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October has been a kind month to this gardener.  We have had generally dry weekends with milder temperatures than normal allowing me to spend some quality time in the garden.  My efforts have been small but widespread and really have been little more than planting out bulbs and some perennials.  I have spent as much time looking, peering and pondering.

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As you can see the Field Maple, I think that is what the tree is, is dropping its leaves.  There were nearly as many a week ago and the tree has still more to drop.  I love autumn leaves; they always take me back to my childhood  and jumping into large piles of beech leaves in my parents’ garden.  But I can’t leave these leaves as they make the steps too hazardous.  I also don’t agree with the whole slow gardening approach which argues that you should leave the leaves in borders etc to rot down and feed the soil just as happens in nature.  This does not take into account that we, well I, garden my garden more intensively than happens in nature and the decaying leaves act as an overwinter home for all sorts of slugs and pests.  It always amuses me that those who extol the virtues of slow gardening loudest are also the ones who complain most about slugs!

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The milder temperatures mean that a lot of deciduous plants are still looking very green and even attempting a second flush of flowers.  Many of my roses have more buds on them than they did in early summer although I think it is unlikely that many will actually open.  I have started to cut back and tidy the Big Border.  I generally work through the borders on a regular basis cutting back any plants that are going over and once I have an area that is pretty tidy I give it a good mulch of home-made compost.  Due to the number of bulbs in the garden this is probably the best chance I will get in the year to mulch as come early spring there will be too many bulbs pushing through the ground to work round.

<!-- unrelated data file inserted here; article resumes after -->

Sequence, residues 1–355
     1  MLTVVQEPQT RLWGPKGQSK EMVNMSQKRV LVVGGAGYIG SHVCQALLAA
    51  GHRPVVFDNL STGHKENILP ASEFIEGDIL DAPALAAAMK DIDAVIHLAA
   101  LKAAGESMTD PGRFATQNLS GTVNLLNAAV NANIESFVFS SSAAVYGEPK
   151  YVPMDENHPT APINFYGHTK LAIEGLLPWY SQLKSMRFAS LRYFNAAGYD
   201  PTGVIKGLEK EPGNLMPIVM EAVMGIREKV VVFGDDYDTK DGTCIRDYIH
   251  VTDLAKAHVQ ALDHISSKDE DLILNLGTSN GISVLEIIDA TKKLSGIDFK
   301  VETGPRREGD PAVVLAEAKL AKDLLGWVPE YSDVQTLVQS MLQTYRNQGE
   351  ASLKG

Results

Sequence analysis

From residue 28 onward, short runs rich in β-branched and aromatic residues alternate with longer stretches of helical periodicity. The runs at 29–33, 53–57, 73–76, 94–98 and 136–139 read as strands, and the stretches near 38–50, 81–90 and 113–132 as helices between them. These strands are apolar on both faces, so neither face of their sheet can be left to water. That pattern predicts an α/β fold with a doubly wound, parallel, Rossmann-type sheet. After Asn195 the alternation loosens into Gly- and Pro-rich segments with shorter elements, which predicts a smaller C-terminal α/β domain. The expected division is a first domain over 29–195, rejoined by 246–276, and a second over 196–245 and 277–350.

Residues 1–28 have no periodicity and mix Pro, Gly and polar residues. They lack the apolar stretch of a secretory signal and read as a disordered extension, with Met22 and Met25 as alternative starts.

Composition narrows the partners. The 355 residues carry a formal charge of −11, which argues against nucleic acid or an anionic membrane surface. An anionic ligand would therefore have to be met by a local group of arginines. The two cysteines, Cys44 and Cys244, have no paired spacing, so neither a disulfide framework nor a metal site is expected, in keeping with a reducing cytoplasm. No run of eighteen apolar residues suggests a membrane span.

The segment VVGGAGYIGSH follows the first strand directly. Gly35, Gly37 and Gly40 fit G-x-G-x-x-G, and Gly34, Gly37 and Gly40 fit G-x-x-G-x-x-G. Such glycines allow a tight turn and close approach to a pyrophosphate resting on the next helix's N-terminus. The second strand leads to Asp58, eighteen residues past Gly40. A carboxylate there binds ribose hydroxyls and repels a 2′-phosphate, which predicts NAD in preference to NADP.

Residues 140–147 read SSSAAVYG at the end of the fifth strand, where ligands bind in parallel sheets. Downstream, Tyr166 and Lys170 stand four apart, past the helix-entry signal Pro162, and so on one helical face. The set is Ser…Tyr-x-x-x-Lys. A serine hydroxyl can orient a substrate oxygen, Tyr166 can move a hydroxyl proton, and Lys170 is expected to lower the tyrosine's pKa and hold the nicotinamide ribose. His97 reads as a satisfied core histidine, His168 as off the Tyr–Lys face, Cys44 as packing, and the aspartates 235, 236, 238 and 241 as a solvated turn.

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The top of the woodland border has really come on this year.  Most of this area was dominated by an Acer which sadly died just over a year ago.  There are quite a few shrubs here now but they are all still quite young and will take a while to bulk up so I have been planting the rest of the border up with other woodland favourites including epimediums, hellebores and honesty.  I am hoping that next spring it will look very pretty. I will also get to see whether I had relocated some snowdrops here or not!

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The bottom half of the woodland border is more established having been planted some 3 or 4 years ago. I am pleased with the foliage textures but it needs a bit of tweaking; I’m not sure what exactly but something.  I will have to look back over this year’s photographs to try to identify why my instinct is telling me this area needs some attention.

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And finally the grass path which has survived my ponderings of removing it and is now enjoying the unusual prospect of being a fixed element of the garden.  Over the last few months I have added a number of grasses to the garden particularly either side of this path and they have brought some sort of cohesion to the planting as well as providing movement and airiness.  I need to work on the border to the right of the path.  The planting between the grass in the right hand corner and the small prunus is distinctly lacking.  In the spring it is full of hellebores and other spring delights, followed by hostas and I would like to add something to bring interest to overlap with the end of the hostas.  Something to ponder over the winter.

So that is my garden at the end of October.  If you would like to join in the with the End of Month View please do, the more the merrier.  You can use the meme in any way you wish.  I tend to take photographs of the same views during the year, others like to do a tour of their garden, or use the meme to follow a project.  Whatever approach you take all I ask is that you link back to this blog in your post and leave a link to your post in the comment box below.  It will help us find each other and pop by for a look-see at what is happening in your garden.

 

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